The things you remember best happened when you were between 15 and 25.
Ask people about memorable things or events that happened during their lives and their recollections tend to be from between the ages of 15 and 25. It doesn’t matter if it’s current affairs, sporting or public events. Researchers in the science of memory call this the reminiscence bump — in reference to the shape it gives when we plot a curve of memories over a person’s lifespan. It is one of those rare effects in cognitive psychology that is not contested.
Neurobiological accounts propose there is something about the brain maturing that leads to information we encounter in this period being particularly well encoded. Some researchers propose we are better at recalling first-time experiences like a first kiss, first driving lesson and so on — most of which tend to happen at that age. Others suggest the reminiscence bump is part of a culturally defined period in our lives in which key experiences occur and are then shared and discussed. New research has suggested something different, that it arises because this is the period when we lay down memories and store information that will define who we are for the rest of our lives — the crystallisation of the self in memory, if you like. Researchers set out to test whether this was correct.
In pursuit of the bump
Unlike most previous research, the team didn’t want to rely on memory tests. The trouble with memory tests for the theory is that by definition, what people recall is personally significant to them. You wouldn’t expect otherwise — people don’t recall random events, and struggle to recall or even pay attention to unimportant information. Since we are bound to care about the things that shape us, of course we remember them.
You might try to get around this by asking participants to recall events or songs that meant nothing to them. But the problem is that whatever they remember couldn’t have been completely irrelevant to them. Even if that thing stuck in the mind precisely because it meant nothing to the person, this sort of defines who you are anyway. The researchers wanted to avoid this circularity.
The approach was to use another classic measure from the memory researcher’s canon which has been used less in this particular area — recognition. Instead of asking participants to freely recall material, they asked them to pick out Oscar-winning films or top-selling music singles that they remembered from a list of releases between 1950 and 2005. Basing the information on either when they first remembered experiencing the film/song or their age when it was released, the team found clear evidence of a bias towards associations between the ages of 15 and 25.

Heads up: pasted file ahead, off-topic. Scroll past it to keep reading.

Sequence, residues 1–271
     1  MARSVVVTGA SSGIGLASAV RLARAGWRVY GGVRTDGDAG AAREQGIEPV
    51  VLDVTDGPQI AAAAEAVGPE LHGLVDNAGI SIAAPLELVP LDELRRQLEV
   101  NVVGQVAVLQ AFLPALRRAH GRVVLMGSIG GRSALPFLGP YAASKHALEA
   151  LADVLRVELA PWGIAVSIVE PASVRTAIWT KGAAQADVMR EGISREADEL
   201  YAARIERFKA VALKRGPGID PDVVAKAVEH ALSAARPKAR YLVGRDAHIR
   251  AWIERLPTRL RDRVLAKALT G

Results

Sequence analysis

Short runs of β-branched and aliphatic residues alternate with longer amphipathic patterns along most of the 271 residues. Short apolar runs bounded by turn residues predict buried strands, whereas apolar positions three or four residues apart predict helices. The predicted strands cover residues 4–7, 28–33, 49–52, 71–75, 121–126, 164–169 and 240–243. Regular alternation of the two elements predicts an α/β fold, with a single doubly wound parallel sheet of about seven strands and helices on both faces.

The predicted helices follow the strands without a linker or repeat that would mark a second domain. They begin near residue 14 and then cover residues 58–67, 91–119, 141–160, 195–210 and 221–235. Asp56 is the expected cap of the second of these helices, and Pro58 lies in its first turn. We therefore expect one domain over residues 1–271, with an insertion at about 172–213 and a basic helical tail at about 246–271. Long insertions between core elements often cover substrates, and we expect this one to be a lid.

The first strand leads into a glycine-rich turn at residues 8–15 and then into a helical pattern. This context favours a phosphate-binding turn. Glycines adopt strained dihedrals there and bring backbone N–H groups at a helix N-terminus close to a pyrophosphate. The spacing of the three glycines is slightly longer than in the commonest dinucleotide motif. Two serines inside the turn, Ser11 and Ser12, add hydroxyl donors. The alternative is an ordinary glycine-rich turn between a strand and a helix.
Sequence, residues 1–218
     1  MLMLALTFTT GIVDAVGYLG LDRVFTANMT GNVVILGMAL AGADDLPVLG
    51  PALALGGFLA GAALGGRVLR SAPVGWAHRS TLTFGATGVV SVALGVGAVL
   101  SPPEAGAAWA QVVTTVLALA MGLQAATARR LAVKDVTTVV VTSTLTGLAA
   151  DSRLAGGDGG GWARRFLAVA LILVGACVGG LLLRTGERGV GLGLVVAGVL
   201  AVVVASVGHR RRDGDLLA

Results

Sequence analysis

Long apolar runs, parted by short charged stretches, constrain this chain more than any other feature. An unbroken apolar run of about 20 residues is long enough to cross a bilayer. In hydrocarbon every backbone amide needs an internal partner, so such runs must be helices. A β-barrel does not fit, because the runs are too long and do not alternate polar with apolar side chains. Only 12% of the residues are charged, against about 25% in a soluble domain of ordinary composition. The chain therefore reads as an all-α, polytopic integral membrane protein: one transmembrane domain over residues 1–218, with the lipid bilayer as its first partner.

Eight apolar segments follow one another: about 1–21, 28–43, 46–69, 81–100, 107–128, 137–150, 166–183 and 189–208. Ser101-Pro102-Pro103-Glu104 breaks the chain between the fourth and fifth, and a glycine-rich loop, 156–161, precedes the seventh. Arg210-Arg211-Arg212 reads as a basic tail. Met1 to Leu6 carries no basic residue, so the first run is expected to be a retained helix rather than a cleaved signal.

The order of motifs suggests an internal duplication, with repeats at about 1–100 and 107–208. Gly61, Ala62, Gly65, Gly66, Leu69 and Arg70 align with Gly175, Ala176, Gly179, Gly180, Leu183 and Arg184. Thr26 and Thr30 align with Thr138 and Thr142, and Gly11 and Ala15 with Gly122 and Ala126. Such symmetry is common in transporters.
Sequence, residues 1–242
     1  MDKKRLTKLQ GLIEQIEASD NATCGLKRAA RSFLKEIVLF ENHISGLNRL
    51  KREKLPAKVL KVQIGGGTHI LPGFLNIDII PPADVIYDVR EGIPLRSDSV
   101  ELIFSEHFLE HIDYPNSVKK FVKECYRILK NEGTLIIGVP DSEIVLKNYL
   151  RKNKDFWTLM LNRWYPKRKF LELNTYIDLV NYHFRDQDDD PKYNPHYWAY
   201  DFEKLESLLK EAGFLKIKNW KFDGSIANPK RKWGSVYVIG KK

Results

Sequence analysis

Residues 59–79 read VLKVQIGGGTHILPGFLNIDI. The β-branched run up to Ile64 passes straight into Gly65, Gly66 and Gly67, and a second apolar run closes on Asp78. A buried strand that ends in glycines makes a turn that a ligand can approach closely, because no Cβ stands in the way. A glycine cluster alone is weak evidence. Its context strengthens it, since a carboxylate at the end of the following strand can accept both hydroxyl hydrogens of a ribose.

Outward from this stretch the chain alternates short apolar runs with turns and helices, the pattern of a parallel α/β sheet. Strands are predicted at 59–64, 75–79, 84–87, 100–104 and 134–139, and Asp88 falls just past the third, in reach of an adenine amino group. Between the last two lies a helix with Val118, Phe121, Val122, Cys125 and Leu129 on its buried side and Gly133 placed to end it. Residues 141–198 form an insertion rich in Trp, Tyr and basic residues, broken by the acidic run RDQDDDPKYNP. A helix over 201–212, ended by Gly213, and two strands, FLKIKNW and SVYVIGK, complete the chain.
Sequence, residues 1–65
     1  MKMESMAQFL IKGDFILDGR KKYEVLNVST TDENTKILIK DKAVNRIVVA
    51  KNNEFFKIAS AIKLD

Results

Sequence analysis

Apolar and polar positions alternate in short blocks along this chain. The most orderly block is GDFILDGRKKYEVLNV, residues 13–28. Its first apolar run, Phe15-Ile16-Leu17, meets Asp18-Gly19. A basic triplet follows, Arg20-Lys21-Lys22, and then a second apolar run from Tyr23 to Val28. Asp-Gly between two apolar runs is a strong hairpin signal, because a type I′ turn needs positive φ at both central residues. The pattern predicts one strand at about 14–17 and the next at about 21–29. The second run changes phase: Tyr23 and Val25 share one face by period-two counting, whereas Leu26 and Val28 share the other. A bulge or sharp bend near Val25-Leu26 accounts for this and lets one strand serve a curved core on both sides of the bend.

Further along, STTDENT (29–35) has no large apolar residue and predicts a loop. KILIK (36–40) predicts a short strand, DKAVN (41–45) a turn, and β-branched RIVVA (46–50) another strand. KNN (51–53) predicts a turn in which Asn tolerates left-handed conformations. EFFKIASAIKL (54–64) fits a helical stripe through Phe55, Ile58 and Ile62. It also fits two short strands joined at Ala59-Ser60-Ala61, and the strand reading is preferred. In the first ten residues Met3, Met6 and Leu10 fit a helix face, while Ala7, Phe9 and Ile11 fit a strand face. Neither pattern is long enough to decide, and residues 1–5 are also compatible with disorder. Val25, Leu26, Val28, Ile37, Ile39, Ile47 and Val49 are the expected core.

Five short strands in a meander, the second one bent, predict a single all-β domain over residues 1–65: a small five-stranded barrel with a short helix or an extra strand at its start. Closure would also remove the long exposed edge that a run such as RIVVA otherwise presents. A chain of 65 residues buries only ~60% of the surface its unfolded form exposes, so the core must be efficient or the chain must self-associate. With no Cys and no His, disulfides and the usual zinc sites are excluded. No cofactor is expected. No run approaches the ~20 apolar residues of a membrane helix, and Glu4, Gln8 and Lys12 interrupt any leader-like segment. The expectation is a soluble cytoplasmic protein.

Participants were also asked to select their five favourites from the list, which was the real novelty in the study. It meant they could plot a curve over participants’ lifetime to see if the proportion of films/songs they remembered from aged 15-25 that they didn’t care about was as high as the proportion from that age on their favourites list. If non-personally significant films/songs gave a reminiscence bump shape too, the team could give up on our theory that the development of the self was the explanation and go back to it being about memory. They found that when it came to films/songs that participants didn’t favour, they were no more likely to recognise them from the 15-25 period than any other time in their lives. To make sure, in a second study in the same paper the team asked them both about which songs were their favourites and which songs they remembered something about. Even then they got the same result.
The findings suggest that the reason people remember more from that critical time in their lives is indeed because it is when their identities are forming. Things we encounter that are not relevant to our identity are simply forgotten. Our tastes and exposure to events, information and media in this time period defines us for the rest of our lives.
This doesn’t necessarily mean that the theories about reminiscence being linked to people’s memory development or cultural experience are irrelevant. There’s still the question of why certain things become personally significant to us, and those theories might still provide answers here — we may have culturally shared views of what’s likeable or important; or we may rely on memory mechanisms to retain our sense of self. What we can say is that the personal significance of something to us is a key ingredient in why we experience the reminiscence bump.